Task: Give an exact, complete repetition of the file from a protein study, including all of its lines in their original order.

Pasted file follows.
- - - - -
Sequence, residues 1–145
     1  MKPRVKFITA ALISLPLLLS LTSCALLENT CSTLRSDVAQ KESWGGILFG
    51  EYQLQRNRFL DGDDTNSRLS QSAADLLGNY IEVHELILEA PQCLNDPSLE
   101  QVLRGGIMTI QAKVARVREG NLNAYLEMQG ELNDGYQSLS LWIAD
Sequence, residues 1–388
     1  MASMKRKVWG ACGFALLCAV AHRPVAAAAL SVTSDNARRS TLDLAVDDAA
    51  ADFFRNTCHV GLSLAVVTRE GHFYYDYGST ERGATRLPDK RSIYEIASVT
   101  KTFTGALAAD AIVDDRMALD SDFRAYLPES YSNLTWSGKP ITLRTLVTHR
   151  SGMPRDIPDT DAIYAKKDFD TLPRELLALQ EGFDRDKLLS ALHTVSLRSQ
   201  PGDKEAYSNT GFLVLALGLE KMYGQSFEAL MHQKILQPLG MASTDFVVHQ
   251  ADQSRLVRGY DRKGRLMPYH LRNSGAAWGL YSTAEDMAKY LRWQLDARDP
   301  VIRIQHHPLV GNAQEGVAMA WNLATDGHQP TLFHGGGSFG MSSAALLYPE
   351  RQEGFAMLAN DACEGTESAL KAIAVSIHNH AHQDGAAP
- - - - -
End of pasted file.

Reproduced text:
Sequence, residues 1–145
     1  MKPRVKFITA ALISLPLLLS LTSCALLENT CSTLRSDVAQ KESWGGILFG
    51  EYQLQRNRFL DGDDTNSRLS QSAADLLGNY IEVHELILEA PQCLNDPSLE
   101  QVLRGGIMTI QAKVARVREG NLNAYLEMQG ELNDGYQSLS LWIAD
Sequence, residues 1–388
     1  MASMKRKVWG ACGFALLCAV AHRPVAAAAL SVTSDNARRS TLDLAVDDAA
    51  ADFFRNTCHV GLSLAVVTRE GHFYYDYGST ERGATRLPDK RSIYEIASVT
   101  KTFTGALAAD AIVDDRMALD SDFRAYLPES YSNLTWSGKP ITLRTLVTHR
   151  SGMPRDIPDT DAIYAKKDFD TLPRELLALQ EGFDRDKLLS ALHTVSLRSQ
   201  PGDKEAYSNT GFLVLALGLE KMYGQSFEAL MHQKILQPLG MASTDFVVHQ
   251  ADQSRLVRGY DRKGRLMPYH LRNSGAAWGL YSTAEDMAKY LRWQLDARDP
   301  VIRIQHHPLV GNAQEGVAMA WNLATDGHQP TLFHGGGSFG MSSAALLYPE
   351  RQEGFAMLAN DACEGTESAL KAIAVSIHNH AHQDGAAP